BMW’s new curved iDrive display is a ‘major step’ toward autonomous driving

BMW’s new curved iDrive display is a ‘major step’ toward autonomous driving

BMW is pulling the curtain back on its next iteration of iDrive, the software and infotainment platform that has served as the centerpiece of the automaker’s in-car experience for the last 20 years.

The eighth version of iDrive will mostly live on a new “curved” display that starts behind the steering wheel and extends halfway across the dashboard. This involves merging the 12.3-inch instrument cluster and the central 14.9-inch infotainment screen into a single unit angled toward the driver. The size of the screen will vary, depending on the vehicle, but the screen will have the appearance of “floating,” the automaker said. The new iDrive will make its debut later this year in BMW’s new iX electric SUV, as well as the BMW i4 electric sedan.

The brain of this car will also be a significant improvement over past models, BMW says. The onboard computer will be able to process 20 to 30 times the data volume of previous models, or around double the amount of data that was previously possible. This will enable a greater fusion of the vehicle’s sensors, which will help enable higher levels of autonomous driving.

According to BMW chief technology officer Frank Weber, iDrive is a “major step” toward fully autonomous vehicles. He explained that iDrive is designed to support both Level 2 and Level 3 autonomous driving systems.

“It is not an evolutionary step from what we had in the [previous] generation,” Weber said. “It’s an all new, all new system when it comes to sensors, computing, [and] the way it was developed.”

Advanced driver assistance systems, defined as Level 2 by the Society of Automotive Engineers, include lane keeping, blind-spot detection, automatic emergency braking, and adaptive cruise control. Most major automakers include some version of advanced driver assistance in their vehicles today. Level 3 refers to highly automated driving, also called conditional automation, where the driver still needs to be able to take over the vehicle upon request.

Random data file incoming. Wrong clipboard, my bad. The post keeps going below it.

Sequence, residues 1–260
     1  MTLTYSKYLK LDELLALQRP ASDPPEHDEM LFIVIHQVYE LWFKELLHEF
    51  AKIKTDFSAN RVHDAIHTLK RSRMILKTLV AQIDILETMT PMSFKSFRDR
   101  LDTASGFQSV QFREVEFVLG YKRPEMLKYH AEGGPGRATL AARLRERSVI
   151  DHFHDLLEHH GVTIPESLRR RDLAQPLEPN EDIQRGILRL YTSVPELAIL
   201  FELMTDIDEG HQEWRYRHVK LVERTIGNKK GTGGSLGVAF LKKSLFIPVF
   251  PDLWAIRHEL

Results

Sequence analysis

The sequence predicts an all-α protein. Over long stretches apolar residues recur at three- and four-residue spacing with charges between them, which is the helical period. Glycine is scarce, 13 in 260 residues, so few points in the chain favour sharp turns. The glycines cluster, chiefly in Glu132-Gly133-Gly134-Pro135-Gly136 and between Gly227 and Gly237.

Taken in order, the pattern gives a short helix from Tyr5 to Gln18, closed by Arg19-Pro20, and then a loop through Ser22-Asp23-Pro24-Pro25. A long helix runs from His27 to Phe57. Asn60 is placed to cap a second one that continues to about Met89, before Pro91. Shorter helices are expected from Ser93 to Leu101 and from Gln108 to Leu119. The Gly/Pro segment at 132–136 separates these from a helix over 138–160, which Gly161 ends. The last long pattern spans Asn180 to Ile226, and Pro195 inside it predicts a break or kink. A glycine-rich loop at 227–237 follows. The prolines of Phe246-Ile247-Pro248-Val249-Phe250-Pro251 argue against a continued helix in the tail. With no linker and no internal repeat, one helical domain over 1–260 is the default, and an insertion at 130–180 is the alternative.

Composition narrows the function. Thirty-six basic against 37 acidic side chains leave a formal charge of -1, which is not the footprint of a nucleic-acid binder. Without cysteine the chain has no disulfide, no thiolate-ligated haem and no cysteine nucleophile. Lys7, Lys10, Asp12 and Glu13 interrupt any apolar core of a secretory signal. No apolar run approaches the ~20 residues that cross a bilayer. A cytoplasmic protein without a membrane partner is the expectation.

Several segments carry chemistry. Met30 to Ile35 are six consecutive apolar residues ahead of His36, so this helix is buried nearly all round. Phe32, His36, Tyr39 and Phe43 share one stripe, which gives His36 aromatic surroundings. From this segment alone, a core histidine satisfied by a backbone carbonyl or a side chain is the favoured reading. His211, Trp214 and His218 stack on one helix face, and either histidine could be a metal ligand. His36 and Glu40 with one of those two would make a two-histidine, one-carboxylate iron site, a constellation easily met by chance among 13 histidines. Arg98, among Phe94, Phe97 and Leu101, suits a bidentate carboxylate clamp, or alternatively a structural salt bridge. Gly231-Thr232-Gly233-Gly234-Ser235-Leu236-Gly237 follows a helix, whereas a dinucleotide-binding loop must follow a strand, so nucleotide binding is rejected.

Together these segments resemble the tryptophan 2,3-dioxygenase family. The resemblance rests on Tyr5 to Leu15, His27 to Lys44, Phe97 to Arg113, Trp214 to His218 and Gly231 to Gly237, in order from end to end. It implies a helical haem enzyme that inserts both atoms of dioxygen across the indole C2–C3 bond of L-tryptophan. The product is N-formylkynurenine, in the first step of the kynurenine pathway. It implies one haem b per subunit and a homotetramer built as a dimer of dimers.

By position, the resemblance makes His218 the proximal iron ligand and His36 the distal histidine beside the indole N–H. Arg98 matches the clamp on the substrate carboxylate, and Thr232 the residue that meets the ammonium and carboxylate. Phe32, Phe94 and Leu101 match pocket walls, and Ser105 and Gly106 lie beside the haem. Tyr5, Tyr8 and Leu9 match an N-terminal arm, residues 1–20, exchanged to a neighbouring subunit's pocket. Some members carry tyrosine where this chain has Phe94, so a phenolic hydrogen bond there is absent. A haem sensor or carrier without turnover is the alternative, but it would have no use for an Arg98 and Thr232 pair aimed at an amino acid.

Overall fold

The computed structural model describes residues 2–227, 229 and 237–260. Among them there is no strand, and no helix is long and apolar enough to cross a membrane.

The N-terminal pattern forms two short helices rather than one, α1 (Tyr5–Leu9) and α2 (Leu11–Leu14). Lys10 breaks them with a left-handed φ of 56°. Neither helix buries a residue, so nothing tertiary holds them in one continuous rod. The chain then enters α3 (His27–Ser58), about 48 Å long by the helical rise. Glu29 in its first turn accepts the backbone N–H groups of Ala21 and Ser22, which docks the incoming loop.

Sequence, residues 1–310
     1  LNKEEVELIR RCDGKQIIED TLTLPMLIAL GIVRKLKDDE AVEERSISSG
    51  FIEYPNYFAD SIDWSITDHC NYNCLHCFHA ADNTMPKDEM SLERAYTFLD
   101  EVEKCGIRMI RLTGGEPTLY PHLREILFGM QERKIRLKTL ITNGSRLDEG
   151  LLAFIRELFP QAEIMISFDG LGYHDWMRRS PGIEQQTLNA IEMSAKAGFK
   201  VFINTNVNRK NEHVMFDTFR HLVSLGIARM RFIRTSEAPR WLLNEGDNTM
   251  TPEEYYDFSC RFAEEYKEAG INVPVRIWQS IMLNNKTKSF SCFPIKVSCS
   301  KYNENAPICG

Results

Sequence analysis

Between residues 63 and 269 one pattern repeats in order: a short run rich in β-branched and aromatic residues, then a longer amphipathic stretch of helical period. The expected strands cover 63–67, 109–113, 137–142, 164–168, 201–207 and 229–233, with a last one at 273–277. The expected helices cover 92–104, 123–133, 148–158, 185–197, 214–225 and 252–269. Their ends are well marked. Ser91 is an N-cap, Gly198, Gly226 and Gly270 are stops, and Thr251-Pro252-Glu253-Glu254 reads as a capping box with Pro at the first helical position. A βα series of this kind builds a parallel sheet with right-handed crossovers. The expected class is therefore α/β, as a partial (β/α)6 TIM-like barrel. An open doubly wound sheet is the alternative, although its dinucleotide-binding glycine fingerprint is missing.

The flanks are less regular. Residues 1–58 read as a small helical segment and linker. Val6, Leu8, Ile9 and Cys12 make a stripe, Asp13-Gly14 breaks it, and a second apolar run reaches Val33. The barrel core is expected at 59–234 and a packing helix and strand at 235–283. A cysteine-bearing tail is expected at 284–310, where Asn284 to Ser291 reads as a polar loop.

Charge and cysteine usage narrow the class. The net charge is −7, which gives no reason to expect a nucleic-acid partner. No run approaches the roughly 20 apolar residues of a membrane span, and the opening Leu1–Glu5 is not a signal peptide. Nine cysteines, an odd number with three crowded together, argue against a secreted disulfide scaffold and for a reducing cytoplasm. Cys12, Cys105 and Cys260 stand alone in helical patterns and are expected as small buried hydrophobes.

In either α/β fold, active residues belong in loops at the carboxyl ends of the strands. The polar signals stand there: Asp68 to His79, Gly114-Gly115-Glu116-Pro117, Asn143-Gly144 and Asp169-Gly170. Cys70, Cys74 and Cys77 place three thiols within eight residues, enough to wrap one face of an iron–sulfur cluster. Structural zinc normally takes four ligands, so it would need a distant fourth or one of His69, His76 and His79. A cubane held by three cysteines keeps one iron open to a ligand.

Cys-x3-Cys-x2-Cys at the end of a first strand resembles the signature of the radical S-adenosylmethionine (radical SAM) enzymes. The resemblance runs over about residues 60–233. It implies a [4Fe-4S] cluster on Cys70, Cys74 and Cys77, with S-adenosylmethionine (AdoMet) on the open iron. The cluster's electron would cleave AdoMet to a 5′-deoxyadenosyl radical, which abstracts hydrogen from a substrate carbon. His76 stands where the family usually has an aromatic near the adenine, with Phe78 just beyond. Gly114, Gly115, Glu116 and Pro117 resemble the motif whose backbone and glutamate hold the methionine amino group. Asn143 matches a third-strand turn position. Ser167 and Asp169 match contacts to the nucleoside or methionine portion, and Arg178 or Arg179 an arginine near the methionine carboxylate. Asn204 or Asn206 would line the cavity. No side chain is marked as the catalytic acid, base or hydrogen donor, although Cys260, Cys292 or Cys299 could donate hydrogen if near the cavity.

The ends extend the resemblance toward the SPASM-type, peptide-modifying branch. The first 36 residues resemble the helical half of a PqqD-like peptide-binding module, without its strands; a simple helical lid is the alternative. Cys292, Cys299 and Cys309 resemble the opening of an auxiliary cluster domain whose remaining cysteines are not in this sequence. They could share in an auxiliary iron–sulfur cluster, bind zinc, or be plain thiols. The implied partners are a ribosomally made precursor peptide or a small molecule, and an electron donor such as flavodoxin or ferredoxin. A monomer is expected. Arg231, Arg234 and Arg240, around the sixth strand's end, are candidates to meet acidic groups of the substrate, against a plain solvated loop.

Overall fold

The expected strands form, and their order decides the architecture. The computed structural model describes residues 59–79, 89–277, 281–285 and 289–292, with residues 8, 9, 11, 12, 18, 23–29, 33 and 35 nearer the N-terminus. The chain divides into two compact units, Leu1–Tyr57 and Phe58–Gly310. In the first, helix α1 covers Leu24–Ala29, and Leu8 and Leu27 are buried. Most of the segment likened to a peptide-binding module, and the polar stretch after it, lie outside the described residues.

Other automakers have been tripped up by the promise of Level 3 driving. Audi, for example, said its A8 sedan would come with a feature called Traffic Jam Pilot that, when active, would relieve human drivers of the need to pay attention during stop-and-go traffic. But the feature was contingent on approval from local authorities, and Traffic Jam Pilot remains dormant in most markets around the world. Audi has no plans to activate the feature, and Level 3 automation remains a morass of legal, regulatory, and business-related challenges.

Weber wouldn’t say when BMW would introduce Level 3 automation and hinted it was conditional on racking up more test miles in vehicles equipped with the new version of iDrive.

“Nobody currently can offer at start of production Level 3 capabilities, because you need so many test miles,” he said. “And so you need a production vehicle, and then you run all your validation tests for Level 3.”

iDrive can be controlled with touch, voice activation, or gesture control. There are three main layouts: Drive, in which drivers can use a “dynamically changing area in the center of the information display to show individually selectable information”; Focus, “designed for extremely dynamic driving situations”; and Gallery, which minimizes the driving content “to clear as much space as possible for widget content.”

There is a theme of personalization that runs through the automaker’s new software update. BMW’s Personal Intelligent Assistant, built on top of Microsoft’s Azure cloud system, will “adjust to the driver’s individual needs and routines,” the company says, making it “a central operating channel of human-machine interaction.”

The virtual assistant, which has been available in BMW’s cars for a number of years, will play the role of a “digital character which can engage in natural dialogue with the driver and front passenger – similarly to a relationship between humans.” Expect some similarities to Mercedes-Benz’s MBUX system or Volvo’s Android-powered Google Assistant.

Using ultra-wideband (UWB) technology, iDrive will be able to load a driver’s personal settings as soon as they start approaching the vehicle by sensing their key fob or smartphone. BMW describes this as a “great entrance moment,” which includes geometric projections, lighted door handles, and other lighting effects.

There will be three driving modes: sport, personal, and efficient. These control driving functions like engine throttle, steering characteristics, regenerative braking, and chassis settings, as well as internal and external sounds. New modes may be added via over-the-air software updates in the future.

Information about navigation, parking, and EV charging will be fully integrated into iDrive. BMW extends its theme of personalization to its mapping capabilities with a new feature called “learning navigation,” in which the vehicle will learn and anticipate the destination the driver is likely to head for next, based on the driver’s personal ID. This is meant to be a time saver, as well as a way to identify possible road hazards that may delay the journey.

iDrive will support both Apple CarPlay and Android Auto wirelessly, the company said. For several years, BMW had the dubious distinction of being one of the few automakers to charge its customers an annual fee to mirror their smartphone’s display on their car’s infotainment screen. BMW reversed that decision in 2019, and since then offers both CarPlay and Android Auto to its customers for free.

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